Although I rarely practice law anymore, these past months I’ve been trying to help my cousin purchase his family’s dream home in New York.  My cousin and his wife have one child and another on the way.  Because of my emotional attachment, it has been difficult dealing with the many bumps and challenges of this transaction.  Yet I believed that I could get this deal done for them.  It became so important to me in part because my cousin had been very sick at one time and the opportunity to buy this home seemed like a new beginning for him.  In my mind, I actually started to believe that my cousin needed this particular deal to happen for his happiness and well-being.  My cousin does not have a lot of money and this house would be stretching it but affordable.  It was located near his job and in a good school district.  Yesterday we got word that the bank wouldn’t lend them enough money to get the deal done.  I was so upset and feeling very down last night about the news and I was only able to sleep a few hours.  As I woke up this morning, I realized that I was feeling down not because they didn’t get the house; I was down because I had slipped out of Maybe.

The minute I started to believe my cousin needed this particular home for his happiness and well being, I had doomed myself to stress, fear and disappointment.  No matter what had happened, the house did not hold his happiness.  I fell out of Maybe because the bank’s rejection destroyed my high hopes and I interpreted that to mean my cousin’s dream of owning a nice home was no longer possible and what I wanted for him and his family could no longer be attained.  In reality, however, all that really happened is that life was not fitting into my plan, or my story for my cousin’s life. Once I opened my heart to Maybe again, I realized that there are always many more possibilities than the one we envision.

Just like I did with my cousin’s scenario, it is easy to slip out of Maybe on a daily basis.  How often, for instance, do we believe that we need to get a particular job or promotion for our lives to be going in the right direction? Or that a particular stock must go up for us to be financially secure, or that we need to land a particular client to further our careers?  How often have we yearned for a certain person to like us so we can be happy?  Story after story we tell ourselves, reinforcing the belief that life must unfold in certain ways to guarantee our well-being and success.  Logically, most of us would agree that there are many ways to achieve a particular goal, but emotionally we fail to live with this knowledge in our daily lives. When the emotional attachment to our stories defies logic, we fall into a trap. And stay there, and stay there.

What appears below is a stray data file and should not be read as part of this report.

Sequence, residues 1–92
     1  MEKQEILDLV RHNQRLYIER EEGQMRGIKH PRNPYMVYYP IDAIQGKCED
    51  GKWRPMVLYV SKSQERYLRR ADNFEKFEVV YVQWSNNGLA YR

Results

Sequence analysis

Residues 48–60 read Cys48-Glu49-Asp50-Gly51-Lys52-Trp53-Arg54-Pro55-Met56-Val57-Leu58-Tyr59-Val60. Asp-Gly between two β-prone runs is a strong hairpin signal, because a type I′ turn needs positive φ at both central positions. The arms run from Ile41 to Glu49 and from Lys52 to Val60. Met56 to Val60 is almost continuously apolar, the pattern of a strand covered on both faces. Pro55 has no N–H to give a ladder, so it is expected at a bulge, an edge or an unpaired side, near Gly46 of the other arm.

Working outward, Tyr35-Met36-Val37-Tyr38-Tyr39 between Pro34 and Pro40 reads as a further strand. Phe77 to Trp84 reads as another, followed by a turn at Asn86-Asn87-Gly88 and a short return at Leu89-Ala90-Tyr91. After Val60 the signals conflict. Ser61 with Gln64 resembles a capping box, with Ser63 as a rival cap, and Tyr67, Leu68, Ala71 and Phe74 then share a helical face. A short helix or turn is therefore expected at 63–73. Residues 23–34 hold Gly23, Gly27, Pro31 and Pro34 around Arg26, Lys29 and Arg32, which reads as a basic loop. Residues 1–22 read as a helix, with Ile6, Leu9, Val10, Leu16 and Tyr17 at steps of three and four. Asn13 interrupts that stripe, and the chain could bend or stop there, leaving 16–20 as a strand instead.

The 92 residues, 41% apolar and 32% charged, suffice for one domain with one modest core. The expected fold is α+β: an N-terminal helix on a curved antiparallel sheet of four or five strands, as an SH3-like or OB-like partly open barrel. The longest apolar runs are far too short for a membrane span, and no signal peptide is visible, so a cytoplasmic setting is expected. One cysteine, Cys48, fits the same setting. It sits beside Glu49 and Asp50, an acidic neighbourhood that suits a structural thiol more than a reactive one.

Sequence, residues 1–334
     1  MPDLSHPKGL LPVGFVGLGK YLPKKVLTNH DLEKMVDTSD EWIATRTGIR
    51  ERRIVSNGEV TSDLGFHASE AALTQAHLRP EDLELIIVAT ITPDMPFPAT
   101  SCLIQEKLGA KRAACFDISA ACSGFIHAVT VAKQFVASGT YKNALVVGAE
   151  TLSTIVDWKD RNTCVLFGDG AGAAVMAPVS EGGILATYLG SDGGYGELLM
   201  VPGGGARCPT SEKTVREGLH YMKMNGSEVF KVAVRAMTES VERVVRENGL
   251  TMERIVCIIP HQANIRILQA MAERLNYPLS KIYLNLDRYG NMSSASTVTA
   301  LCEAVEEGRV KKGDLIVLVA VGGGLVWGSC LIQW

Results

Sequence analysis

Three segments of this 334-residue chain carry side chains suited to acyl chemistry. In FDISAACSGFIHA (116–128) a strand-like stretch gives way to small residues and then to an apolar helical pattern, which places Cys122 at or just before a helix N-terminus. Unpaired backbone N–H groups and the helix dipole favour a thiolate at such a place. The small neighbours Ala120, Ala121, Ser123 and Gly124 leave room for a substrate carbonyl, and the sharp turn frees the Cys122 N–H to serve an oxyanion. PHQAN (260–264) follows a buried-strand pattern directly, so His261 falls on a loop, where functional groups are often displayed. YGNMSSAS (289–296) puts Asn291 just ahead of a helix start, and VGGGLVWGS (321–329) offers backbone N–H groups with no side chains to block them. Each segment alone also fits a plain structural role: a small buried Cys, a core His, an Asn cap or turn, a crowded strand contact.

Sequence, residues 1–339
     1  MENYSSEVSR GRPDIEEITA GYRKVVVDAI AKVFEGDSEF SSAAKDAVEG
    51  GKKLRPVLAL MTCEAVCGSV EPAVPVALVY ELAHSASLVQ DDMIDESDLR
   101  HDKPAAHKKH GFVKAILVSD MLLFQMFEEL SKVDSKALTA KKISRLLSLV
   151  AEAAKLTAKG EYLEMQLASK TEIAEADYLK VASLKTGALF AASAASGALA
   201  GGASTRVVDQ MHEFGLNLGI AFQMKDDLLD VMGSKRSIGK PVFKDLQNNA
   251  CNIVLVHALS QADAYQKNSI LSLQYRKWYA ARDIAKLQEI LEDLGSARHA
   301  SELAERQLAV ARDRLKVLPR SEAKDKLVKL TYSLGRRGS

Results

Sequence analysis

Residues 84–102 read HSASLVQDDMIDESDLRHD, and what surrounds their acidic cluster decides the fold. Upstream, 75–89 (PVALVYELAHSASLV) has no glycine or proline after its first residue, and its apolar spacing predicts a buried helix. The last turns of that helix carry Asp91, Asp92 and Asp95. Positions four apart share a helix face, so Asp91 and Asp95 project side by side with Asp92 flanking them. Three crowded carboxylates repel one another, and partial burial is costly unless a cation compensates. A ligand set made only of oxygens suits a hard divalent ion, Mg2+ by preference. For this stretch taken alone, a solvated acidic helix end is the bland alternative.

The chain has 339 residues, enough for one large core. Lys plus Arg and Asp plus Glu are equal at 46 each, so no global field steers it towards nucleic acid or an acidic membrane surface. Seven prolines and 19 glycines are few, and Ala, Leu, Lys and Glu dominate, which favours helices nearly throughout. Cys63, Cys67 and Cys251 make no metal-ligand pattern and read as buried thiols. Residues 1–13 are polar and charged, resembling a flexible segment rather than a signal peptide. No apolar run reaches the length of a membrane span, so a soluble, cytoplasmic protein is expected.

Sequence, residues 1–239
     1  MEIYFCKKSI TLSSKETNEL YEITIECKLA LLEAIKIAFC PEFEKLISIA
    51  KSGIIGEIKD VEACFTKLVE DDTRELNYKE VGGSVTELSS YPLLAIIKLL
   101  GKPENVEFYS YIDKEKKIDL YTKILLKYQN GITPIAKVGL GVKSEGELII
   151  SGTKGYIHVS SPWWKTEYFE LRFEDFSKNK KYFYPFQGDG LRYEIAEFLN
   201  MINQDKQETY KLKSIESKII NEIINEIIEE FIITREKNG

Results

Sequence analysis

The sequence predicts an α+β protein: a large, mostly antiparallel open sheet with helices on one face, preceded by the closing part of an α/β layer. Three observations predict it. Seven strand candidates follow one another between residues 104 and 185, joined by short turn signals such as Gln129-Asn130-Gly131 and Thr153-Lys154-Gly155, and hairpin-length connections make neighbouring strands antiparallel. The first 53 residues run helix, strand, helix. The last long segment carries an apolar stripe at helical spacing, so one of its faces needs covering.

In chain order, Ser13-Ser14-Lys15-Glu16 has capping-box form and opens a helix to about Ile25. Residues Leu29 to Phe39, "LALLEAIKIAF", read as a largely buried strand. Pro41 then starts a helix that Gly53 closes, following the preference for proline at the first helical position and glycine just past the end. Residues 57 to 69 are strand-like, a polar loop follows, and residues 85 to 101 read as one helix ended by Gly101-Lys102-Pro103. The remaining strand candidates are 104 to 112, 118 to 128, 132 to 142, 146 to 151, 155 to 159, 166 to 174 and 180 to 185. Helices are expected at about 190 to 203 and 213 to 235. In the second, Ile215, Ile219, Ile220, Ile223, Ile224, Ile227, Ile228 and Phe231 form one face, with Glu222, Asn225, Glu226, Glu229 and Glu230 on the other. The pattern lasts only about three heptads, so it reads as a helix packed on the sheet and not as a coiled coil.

For me, when I returned to Maybe, I realized that Maybe there are other homes to buy and other choices my cousin can make for him and his family.  As my cousin and I sat with all these possibilities today, our inner wisdom began to guide us to other ideas to qualify for the mortgage or to find another home.  In fact, there is a cheaper home down the same block that he had not considered because he thought it was too small.  We figured out today that Maybe it’s not too small after all.  We know we don’t have all the answers to help his situation, but we are open and hopeful that we will find his family an affordable home, good schools for his children and ways to reduce my cousin’s stress. In the land of Maybe, his options have no limits.

So today, try to list all the inner stories that you keep thinking what must occur in the future for your happiness and well being.  Do these stories about what needs to happen next in your life make you stressed or unhappy and are you losing sleep?  Now think to yourself: Maybe. Maybe this event will happen, or Maybe there is another way to achieve your goals or Maybe there is something else out there for you that you can’t see right now.  Let Maybe allow you the room to breathe and stretch and open up to all that is possible.

Let Maybe give you ground to stay hopeful until you find your way!